eight years, nine months, and seventeen days. See "History of the Town of Hingham," by Solomon Lincoln, Jr., 1827, pages 26-30.
Captain Martin Gay was one of the firewards elected at the town meeting, March 13, 1769.--Drake's History of Boston, page 756.
 The foregoing is taken largely from Mr. Joseph T. Buckingham's Letter, No. XVII, in The Saturday Evening Gazette of May 21, 1859. It is understood that the facts contained therein were obtained by him directly from Mr. Davis.
Frederick Walker Lincoln was the son of Amos and Deborah (Revere) Lincoln, and was born in Boston June 12, 1796.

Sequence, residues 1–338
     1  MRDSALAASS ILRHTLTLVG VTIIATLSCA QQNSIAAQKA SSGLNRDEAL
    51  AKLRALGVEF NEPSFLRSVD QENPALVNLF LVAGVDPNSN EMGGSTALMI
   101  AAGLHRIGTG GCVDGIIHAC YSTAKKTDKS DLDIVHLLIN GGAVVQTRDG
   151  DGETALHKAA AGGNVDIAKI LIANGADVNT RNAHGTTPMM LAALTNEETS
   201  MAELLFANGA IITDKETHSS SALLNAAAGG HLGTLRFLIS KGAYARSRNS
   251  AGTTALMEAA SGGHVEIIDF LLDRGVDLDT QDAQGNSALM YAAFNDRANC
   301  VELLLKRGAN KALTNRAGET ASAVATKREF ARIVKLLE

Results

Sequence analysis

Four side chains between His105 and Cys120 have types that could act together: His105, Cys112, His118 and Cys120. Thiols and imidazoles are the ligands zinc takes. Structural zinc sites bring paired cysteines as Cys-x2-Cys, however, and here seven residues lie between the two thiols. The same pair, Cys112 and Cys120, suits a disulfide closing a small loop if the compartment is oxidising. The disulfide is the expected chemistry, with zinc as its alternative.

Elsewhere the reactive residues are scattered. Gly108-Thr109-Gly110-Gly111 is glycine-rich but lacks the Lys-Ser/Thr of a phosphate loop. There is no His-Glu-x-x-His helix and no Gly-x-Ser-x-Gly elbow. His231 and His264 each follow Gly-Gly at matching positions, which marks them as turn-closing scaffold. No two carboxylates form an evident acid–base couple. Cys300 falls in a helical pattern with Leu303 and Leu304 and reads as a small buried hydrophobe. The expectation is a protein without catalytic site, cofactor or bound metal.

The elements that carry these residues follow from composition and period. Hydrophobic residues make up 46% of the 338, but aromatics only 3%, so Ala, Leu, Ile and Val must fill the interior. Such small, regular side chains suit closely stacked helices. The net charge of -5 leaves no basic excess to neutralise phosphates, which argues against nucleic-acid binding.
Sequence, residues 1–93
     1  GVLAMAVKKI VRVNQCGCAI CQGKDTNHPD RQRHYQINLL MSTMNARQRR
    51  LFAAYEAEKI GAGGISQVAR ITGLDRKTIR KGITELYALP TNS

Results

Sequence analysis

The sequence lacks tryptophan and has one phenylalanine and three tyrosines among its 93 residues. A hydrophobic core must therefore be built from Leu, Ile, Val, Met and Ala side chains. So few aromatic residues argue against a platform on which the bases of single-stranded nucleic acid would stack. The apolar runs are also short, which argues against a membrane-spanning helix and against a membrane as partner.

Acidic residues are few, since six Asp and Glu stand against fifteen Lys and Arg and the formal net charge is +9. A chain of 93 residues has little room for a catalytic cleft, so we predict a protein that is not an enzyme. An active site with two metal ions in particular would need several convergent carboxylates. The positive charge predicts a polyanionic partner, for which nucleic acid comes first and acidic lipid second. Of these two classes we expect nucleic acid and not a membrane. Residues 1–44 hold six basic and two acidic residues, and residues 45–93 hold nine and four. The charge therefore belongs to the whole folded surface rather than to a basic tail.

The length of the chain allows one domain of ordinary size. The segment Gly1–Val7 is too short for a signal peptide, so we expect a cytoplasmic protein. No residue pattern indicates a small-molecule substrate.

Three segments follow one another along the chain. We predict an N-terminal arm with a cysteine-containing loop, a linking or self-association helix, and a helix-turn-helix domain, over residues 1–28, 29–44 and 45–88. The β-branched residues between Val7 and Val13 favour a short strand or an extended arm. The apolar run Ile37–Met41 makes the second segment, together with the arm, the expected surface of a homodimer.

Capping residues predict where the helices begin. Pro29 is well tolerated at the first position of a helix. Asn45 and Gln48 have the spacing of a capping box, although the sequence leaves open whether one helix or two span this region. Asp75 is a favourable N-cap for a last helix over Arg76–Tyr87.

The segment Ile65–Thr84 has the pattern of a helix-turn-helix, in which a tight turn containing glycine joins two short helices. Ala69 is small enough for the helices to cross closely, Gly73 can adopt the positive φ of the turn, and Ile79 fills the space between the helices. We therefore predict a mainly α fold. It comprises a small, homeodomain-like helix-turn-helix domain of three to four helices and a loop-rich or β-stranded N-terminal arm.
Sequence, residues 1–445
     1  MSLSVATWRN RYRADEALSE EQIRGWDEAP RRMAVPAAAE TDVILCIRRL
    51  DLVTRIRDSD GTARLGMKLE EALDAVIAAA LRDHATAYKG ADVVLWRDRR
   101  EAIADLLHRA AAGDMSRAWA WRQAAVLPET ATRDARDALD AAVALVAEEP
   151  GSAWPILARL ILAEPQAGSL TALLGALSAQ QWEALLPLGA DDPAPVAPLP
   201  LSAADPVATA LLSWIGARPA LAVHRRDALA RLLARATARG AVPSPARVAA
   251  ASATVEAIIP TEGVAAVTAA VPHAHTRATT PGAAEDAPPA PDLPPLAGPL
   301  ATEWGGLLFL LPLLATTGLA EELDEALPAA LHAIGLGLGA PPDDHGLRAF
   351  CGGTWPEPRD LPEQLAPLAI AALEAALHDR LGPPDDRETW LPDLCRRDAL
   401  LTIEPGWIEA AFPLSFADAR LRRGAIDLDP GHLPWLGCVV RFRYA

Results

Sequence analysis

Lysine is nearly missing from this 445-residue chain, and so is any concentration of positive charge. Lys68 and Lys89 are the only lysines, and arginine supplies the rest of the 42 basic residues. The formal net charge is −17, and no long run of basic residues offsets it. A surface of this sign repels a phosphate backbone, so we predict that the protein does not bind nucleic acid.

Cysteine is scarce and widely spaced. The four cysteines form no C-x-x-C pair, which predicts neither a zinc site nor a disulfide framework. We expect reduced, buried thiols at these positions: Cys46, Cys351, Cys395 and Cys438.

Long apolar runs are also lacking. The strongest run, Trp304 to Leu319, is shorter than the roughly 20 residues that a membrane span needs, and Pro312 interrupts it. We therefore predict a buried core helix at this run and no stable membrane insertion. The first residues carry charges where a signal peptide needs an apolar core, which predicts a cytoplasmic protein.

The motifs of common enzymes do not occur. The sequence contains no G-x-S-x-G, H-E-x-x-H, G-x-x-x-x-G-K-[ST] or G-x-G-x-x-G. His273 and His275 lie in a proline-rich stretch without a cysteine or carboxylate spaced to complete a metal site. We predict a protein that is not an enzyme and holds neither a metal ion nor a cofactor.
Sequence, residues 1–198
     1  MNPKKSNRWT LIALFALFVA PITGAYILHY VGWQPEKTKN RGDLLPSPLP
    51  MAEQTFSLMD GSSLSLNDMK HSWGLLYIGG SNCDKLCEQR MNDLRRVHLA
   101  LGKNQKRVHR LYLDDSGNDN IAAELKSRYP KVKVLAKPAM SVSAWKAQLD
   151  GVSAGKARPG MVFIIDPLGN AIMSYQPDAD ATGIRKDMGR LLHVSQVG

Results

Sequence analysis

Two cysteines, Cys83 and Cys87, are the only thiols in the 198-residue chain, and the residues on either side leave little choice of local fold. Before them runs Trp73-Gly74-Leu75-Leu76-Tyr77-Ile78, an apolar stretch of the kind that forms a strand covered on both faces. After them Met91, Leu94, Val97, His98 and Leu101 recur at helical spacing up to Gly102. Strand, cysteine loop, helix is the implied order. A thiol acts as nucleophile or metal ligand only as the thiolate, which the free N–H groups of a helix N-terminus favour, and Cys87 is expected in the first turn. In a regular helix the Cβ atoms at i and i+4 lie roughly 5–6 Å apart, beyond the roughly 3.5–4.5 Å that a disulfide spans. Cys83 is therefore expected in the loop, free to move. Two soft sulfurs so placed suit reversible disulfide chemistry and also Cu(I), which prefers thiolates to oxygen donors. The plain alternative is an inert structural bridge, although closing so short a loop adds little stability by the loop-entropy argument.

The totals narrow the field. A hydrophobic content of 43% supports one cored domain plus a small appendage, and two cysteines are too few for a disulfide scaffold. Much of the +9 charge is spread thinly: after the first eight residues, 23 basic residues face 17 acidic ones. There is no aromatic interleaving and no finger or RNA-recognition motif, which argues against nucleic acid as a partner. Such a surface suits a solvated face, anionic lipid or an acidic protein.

[Illustration: F. W. Lincoln & signature]
His father was a descendant of Samuel Lincoln, who came to Salem from Norwich, England, in 1637, subsequently removing to Hingham. The father was a conspicuous leader in the destruction of tea from British ships in Boston Harbor, and was captain of an artillery company in the Revolutionary War. He was constantly associated